For France, the recommended structural fiscal adjustment over 2014 and 2015 is in slightly lower than that being made this year, the Commission says. France should further reduce the cost of labour, especially through reducing social security contributions, the country-specific recommendation says.

The Commission says Spain has carried out a wave of reforms over the last year, but adds that the high debt level remains a concern. Spain has put forward a convincing National Reform Programme, but the Commission says that what is key is its timely and rigorous implementation.

Slovenia, a country struggling to avoid a bailout, is now decisively addressing the excessive imbalances identified in the in-depth review in April, the Commission says. The new government has taken measures to improve cost-competitiveness and started a determined clean-up of the banking sector. According to Rehn, the reforms undertaken should help to end the recession in Slovenia.

Even Germany gets recommendation

Germany, the EU’s leading economy, is not exempt of recommendations. These include raising the wages to support domestic demand, as well as reducing high taxes and social security contributions, especially for low wage earners in Germany.

Also, the Commission recommended that Germany consider wage increases, address taxation issues and open up its services market to more competition. As Barroso put it, Germany should “avoid any kind of complacency”. “We need a strong German economy at the centre of Europe”, he said, describing Germany as an “anchor of stability”.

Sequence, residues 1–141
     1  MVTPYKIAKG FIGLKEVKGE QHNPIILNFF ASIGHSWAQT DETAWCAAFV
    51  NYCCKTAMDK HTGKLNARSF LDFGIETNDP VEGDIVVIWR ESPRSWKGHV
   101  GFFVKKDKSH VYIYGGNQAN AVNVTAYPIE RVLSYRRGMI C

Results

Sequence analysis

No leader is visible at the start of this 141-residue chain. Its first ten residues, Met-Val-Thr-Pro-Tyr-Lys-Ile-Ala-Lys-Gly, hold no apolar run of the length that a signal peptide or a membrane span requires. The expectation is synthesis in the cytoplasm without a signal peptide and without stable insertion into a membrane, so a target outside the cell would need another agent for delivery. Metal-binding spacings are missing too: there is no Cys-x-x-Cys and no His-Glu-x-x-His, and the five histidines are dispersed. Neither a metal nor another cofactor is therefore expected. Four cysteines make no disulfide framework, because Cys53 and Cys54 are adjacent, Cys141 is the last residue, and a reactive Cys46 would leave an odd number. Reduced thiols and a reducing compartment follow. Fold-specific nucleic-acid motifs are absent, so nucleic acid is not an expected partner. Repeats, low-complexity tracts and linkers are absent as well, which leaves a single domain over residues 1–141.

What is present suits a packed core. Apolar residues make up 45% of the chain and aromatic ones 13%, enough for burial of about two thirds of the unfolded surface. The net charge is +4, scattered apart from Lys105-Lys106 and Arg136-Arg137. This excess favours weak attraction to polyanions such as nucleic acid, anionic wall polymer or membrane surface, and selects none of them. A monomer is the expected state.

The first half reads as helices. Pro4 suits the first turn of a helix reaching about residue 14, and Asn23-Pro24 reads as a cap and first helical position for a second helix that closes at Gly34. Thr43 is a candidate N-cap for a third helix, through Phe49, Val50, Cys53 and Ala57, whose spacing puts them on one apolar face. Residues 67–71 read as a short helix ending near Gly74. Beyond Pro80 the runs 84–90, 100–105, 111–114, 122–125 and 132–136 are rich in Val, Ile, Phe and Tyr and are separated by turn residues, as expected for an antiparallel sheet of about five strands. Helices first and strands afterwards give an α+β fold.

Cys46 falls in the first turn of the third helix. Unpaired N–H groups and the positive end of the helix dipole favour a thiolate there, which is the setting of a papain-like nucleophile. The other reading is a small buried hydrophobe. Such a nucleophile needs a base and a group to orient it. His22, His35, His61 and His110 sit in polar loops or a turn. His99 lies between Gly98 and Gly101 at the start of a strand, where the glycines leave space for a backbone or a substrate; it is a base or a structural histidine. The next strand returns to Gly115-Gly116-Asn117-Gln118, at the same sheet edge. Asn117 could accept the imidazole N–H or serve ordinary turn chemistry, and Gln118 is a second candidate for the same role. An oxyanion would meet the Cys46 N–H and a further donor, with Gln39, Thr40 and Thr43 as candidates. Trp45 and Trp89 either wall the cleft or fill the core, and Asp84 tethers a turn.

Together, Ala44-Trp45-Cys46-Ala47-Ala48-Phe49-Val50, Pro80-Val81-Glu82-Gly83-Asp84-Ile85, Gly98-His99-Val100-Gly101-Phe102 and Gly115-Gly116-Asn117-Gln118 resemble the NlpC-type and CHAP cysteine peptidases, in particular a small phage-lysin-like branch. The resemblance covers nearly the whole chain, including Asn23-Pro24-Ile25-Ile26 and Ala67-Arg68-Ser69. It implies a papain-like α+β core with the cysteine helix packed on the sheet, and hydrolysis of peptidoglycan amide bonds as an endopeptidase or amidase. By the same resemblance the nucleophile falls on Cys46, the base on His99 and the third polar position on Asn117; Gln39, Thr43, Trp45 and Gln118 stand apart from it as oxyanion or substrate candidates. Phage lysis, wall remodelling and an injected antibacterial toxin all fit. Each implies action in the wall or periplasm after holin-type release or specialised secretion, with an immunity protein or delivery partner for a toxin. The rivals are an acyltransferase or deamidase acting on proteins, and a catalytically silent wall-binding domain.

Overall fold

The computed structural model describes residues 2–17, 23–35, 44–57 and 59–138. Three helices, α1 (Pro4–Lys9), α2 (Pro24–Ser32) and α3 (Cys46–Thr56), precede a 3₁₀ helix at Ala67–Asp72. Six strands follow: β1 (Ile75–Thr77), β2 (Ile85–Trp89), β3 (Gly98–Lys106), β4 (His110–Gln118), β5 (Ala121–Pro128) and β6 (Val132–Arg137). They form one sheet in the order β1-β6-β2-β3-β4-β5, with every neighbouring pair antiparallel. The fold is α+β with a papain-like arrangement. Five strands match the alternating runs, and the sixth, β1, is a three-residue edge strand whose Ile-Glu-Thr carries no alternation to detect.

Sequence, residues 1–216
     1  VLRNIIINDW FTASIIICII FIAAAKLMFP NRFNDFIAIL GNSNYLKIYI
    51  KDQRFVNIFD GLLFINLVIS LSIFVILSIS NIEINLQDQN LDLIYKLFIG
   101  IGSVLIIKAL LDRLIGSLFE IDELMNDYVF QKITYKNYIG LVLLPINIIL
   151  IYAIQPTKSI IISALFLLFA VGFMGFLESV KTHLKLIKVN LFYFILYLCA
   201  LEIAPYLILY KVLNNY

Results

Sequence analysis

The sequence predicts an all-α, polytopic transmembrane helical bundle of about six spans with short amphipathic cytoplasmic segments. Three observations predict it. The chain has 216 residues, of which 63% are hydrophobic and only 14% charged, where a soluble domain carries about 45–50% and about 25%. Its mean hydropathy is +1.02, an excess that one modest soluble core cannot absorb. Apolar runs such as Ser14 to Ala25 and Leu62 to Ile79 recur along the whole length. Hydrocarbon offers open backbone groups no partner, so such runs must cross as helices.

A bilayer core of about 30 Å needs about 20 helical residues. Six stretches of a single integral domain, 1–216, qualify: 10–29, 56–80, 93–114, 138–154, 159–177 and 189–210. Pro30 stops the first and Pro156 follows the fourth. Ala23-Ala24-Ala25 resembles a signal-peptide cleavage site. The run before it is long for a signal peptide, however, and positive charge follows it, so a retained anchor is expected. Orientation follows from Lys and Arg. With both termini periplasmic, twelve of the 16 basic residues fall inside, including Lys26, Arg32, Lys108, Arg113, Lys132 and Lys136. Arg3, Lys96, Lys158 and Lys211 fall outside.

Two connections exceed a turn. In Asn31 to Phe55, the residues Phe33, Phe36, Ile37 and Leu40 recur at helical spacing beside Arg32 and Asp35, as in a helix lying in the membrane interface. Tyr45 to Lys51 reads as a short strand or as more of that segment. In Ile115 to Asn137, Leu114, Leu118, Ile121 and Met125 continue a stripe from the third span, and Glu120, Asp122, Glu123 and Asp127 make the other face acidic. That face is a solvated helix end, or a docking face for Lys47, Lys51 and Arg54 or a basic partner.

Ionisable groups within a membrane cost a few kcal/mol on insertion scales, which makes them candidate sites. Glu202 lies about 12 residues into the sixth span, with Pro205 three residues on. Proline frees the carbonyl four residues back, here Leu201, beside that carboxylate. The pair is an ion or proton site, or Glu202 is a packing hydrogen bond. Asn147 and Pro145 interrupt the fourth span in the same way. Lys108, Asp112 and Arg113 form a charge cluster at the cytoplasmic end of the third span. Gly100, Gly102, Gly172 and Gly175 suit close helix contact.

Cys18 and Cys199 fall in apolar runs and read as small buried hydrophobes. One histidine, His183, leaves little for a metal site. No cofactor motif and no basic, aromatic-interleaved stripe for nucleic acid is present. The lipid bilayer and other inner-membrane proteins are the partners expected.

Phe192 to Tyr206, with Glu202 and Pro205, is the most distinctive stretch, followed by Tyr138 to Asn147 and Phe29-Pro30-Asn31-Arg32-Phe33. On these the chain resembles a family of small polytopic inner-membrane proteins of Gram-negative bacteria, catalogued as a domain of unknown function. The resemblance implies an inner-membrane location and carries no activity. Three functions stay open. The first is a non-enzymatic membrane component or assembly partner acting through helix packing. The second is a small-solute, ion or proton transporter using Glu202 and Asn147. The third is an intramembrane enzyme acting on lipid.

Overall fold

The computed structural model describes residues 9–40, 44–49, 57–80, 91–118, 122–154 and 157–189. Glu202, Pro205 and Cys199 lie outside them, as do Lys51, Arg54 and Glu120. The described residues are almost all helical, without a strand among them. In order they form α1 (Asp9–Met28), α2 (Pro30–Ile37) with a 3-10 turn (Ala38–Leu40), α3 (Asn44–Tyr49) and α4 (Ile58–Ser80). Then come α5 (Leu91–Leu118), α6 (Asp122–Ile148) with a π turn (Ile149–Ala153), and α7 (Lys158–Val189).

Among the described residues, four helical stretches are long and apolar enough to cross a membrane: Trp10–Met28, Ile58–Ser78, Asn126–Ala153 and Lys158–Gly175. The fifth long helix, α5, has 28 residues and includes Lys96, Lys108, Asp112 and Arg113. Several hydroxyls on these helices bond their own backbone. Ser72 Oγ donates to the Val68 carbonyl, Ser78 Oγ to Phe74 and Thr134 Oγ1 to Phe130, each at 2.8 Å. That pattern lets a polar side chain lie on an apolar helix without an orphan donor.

Positions

In the European Parliament, the Greens political group said the Commission had started to “wake up to the counter-productive nature” of “one-sided austerity” as the solution to the crisis.

Sven Giegold, a Green German MEP, added however that the policy shift might come too late for some countries like Greece as “serious damage” has already been inflicted to them.

The Greens also regretted “the failure of the Commission to do more to link its recommendations” to broader EU policy goals related to employment, education, R&D and climate change, saying such an approach would have given “a more comprehensive assessment of measures taken towards sustainable development and socially-responsible policies”.

Background

The European Commission has set up a yearly cycle of economic policy coordination called the European Semester.

Each year it undertakes a detailed analysis of EU member states' programmes of economic and structural reforms and provides them with recommendations for the next 12-18 months. The European semester starts when the Commission adopts its Annual Growth Survey, usually towards the end of the year, which sets out EU priorities for the coming year to boost growth and job creation.

  • In March, EU Heads of state and government issue EU guidance for national policies on the basis of the Annual Growth Survey. The Spring meeting of the European Council –provides policy orientations.
  • In April, member states submit their plans for sound public finances  and reforms and measures to make progress towards smart, sustainable and inclusive growth, in areas such as employment, research, innovation, energy or social inclusion.
  • In May/June, the Commission assesses these programmes and provides country-specific recommendations as appropriate. The Council discusses and the European Council endorses the recommendations.
  • Finally, end of June or in early July, the Council formally adopts the country-specific recommendations. Where recommendations are not acted on within the given time-frame, policy warnings can be issued. There is also an option for enforcement through incentives and sanctions in the case of excessive macroeconomic and budgetary imbalances.  

Timeline

  • 20 June: Employment Ministers meeting (EPSCO Council)
  • 21 June: Finance Ministers meeting  (ECOFIN Council)
  • 25 June: Foreign affairs ministers meeting (GAC Council)
  • 27-28 June: EU heads of states summit to endorse the recommendations
  • July: Council of Ministers to formally adopt the recommendations

Further Reading

EU Institutions:

Commission: Olli Rehn, speaking points at European Semester Press Conference

Press articles: